Vermonters are understandably proud – and sternly possessive – of their Northeast Kingdom. It's the one truly remote place they can go to escape the winter ski hordes, and it's easy to see why. Flanked by the Green Mountains to the west and smack up against Canada to the north, the state's 2,027 square miles of farmland, glacial drift terraces, granite bluffs, and endless miles of hardwood – 80 percent of the area is forest – are invigorating and easy to get lost in. Vermont is also a great place to spend a postcard New England–style New Year's, where you can bump into oddly familiar faces: Descendants of Norman Rockwell's paintings live all over the state. The Wildflower Inn, in Lyndonville, is an old village-style farmstead on 500 pristine acres. It sits on the Kingdom Trails, which are 30 miles of remote cross-country skiing and skate-skiing created by 60 local landowners; they run through hay farms, quiet pine forests, and maple groves studded with sap buckets.
"It's a working landscape," says Tim Tierny, the 47-year-old executive director of the trails. "So you're ducking under the hoses of sap lines or past farmers pitching hay." The fields roll away from the storybook town of East Burke, which Tierney describes as being "like a Fisher-Price village; you're waving at the postman or baker every day."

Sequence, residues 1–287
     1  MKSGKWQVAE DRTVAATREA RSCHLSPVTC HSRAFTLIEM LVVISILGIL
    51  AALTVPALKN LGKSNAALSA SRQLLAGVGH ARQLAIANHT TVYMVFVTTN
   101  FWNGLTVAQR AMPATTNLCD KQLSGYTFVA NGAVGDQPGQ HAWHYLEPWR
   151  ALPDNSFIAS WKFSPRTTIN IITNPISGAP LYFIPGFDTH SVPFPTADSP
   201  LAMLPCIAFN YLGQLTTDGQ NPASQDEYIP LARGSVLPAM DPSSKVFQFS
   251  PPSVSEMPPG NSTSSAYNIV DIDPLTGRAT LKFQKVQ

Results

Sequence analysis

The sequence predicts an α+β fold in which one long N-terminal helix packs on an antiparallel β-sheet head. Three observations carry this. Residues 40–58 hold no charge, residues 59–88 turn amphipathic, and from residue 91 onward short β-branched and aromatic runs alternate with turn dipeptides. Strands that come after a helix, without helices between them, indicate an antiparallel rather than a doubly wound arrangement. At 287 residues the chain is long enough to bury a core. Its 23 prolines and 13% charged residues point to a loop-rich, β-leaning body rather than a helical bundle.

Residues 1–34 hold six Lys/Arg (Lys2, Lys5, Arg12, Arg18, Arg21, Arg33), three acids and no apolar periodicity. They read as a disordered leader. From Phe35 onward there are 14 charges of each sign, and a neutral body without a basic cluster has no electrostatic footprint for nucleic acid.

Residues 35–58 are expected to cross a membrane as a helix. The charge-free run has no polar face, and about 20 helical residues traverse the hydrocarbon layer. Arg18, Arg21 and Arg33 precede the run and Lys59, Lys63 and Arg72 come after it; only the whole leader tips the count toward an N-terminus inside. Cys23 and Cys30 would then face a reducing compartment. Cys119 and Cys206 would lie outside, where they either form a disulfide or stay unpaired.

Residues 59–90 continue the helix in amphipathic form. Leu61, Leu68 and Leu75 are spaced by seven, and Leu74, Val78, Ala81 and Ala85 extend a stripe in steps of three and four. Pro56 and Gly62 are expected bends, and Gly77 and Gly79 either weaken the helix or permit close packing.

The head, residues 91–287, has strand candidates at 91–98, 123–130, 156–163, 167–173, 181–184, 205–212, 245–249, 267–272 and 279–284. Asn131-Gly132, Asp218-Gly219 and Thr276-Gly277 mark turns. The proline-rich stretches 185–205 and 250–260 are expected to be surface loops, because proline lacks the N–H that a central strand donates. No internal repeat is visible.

For even more remoteness, the Eden Mountain Lodge, in Eden Mills, has log cabins and cottages spread around 140 acres of forested trails, meadows, and mountain woodlands where visitors can hike or snowshoe. There are also dogsled rides, pulled by what locals call the "un-chained gang" of huskies, who are raised cage free and will put you in mind of a mini Iditarod.